Love Saves The Day 27 & 28 May

Love Saves The Day is bringing yet another bumper weekend of music to Eastville Park this year, combining the best of the underground and the overground with headliners including Crazy P, Fat Freddy’s Drop,



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Kate Tempest, Little Dragon and Nadia Rose. Offstage, revellers will come across interactive ‘weddings’ at an inflatable church, roller discos and plenty more LSTD eccentricities yet to be confirmed.

Lets Rock

skateboarding at the Pro Park, BMXing from some of the world’s best athletes at the Ghetto Park, live street art and an epic music line-up over four stages, headed by hip hop duo Method Man and Redman as well as Kano and Pendulum.

3 & 4 June

Bristol Pride Festival

Set the DeLorean to 1980 and travel back through the decades (yep, 1980 was 37 years ago) to the era that brought us synth-pop, giant shoulder pads and even bigger hair with this retro festival. The Saturday line-up includes Gloria Gaynor, Village People and Tiffany, while Atomic Kitten, B*Witched and Toploader throwback to the ’90s on Sunday.

8 July

Bristol and Bath Festival of Nature 8 – 25 June

Showcasing and celebrating Bristol’s LGBTQ+ community is the name of the game at Pride, and you’ll be hard pressed to find a better street party. The largest event of its kind in the UK, Bristol Pride takes revellers from day to night with a march through the city, over 100 street performers and artists, fantastic food, and, of course, a stonkingly good after-party.

Leave your touch-screens, iPhones and virtual reality headsets at home and reconnect with the outdoors with the UK’s biggest free festival dedicated to all the flora and fauna found naturally on our planet. Discover the Bristol dinosaur, visit the cinema in a campervan to learn about the River Avon, take a look at the sun’s surface with Bristol Astronomical Society’s specialist telescopes and take part in a host of workshops, talks and activities still to be announced.

Bristol Americana Weekend

Forest Live

Bristol Harbour Festival

15 – 18 June

21 – 23 July

Never gonna give you up, never gonna let you down... The rumours are true: Rick Astley is back, and he’s performing as part of the Forestry Commission’s live concert series, taking place at seven unique forest locations including Westonbirt Arboretum. Rick’s not the only blast from the past as R&B legend Craig David, and the dulcet Welsh tones of Tom Jones are also coming to the South West, alongside electronic group Clean Bandit, and the evocative Elbow.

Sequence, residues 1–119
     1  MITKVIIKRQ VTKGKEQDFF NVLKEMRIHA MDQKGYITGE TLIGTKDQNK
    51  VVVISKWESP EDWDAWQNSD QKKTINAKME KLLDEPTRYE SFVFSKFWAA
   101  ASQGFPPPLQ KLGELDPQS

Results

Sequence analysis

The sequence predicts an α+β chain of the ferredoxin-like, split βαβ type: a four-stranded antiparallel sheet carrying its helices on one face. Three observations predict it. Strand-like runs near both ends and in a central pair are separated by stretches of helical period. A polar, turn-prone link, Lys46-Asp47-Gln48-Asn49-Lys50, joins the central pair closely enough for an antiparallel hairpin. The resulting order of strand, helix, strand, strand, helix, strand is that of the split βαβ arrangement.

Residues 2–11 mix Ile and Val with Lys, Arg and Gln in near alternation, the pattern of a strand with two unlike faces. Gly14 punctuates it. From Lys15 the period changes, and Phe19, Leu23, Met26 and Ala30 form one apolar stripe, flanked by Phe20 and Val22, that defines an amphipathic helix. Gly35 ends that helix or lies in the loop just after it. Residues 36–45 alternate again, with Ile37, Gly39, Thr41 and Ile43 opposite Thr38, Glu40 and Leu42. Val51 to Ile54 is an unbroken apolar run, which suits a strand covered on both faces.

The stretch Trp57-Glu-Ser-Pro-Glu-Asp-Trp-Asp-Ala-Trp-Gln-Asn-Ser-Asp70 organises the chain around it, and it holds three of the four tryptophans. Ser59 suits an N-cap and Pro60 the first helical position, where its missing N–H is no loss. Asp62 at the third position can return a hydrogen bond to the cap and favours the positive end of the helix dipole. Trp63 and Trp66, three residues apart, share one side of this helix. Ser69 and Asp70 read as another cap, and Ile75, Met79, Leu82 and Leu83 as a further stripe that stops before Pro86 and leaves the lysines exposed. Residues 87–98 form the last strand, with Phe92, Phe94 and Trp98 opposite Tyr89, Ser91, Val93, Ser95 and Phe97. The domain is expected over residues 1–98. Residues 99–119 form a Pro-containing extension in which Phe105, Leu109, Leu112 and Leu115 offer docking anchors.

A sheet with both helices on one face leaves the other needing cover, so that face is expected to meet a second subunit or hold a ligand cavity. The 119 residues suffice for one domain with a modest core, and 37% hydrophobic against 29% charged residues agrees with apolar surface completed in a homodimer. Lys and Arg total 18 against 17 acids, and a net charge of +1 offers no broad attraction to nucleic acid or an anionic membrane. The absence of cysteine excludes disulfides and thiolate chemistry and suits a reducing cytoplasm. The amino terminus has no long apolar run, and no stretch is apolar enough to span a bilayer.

Oh we do like to be beside the seaside...well, the harbour, but it’s one that’s become something of a cultural hub as 200,000 visitors amass for one of the country's largest free festivals each year. Harbour Fest boasts a staggering two miles of entertainment along the waterfront, including a Dance Village, three music stages, crazy flyboarding action (see lead image), unusual vessels, a circus mecca created by Cirque Bijou and a regional food market – not too shabby, eh?

Glastonbury Festival


21 – 25 June

29 – 31 July

The holy grail of festivals has never disappointed, and this year’s headliners include groundbreaking alt-rockers Radiohead, chartdominating singer-songwriter Ed Sheeran and Dave Grohl’s post-grunge project Foo Fighters. And as ever, the music is just the tip of the iceberg at this gargantuan festival-come-makeshift-city, with new themes, minifestivals, parties, entertainments and vendors at every turn. If you didn’t get a ticket the first time round, keep an eye out for the resale date this month...

Over 250 cutting-edge street artists descend on Bedminster each year for Europe’s largest live urban art festival. Forget the hastily scrawled ‘anarchy’ sign round the back of your local Lidl – these immensely talented graffiti artists paint buildings, vehicles and canvasses live, in an amazing range of styles, from photorealism and 3D to cartoon, stencil and stickmen. Even better, the festival will be running for an extra day this year, encouraging families to get more involved with workshops and interactive paint sessions.

Summer Sounds

Valley Fest

21 – 24 June

4 – 6 August

What we love about this relative newcomer is that it no longer matters (as much) if we don’t get a Glastonbury ticket, because we know something absolutely awesome will be going on here in Bristol during that week, as part of Summer Sounds (formerly Summer Series). A fournight string of live outdoor concerts at the Amphitheatre, featuring some of the hottest acts on the scene, Summer Sounds’ offering this year comprises Welsh rock giants Manic Street Preachers; electronic DJ and producer Bonobo; garage comeback king Craig David; and Hacienda Classical – inspired by the legendary ‘Madchester’ club and reimagining rave anthems with a live orchestra. Hallelujah!

This one is perfect for the kids, with junior discos, arts and crafts and endless opportunities to explore the beautiful Chew Valley. Don’t forget to enrol them at Hogsnorts Farm Academy too, where they can meet the animals and put themselves to good use. There’s plenty for adults too though, and no end of local produce to chow down on – every last bite will be 100% organic this year – plus live music at the Lake and Tipi stages and sizzling after-dark DJ sets…need we say more?

Grillstock 1 & 2 July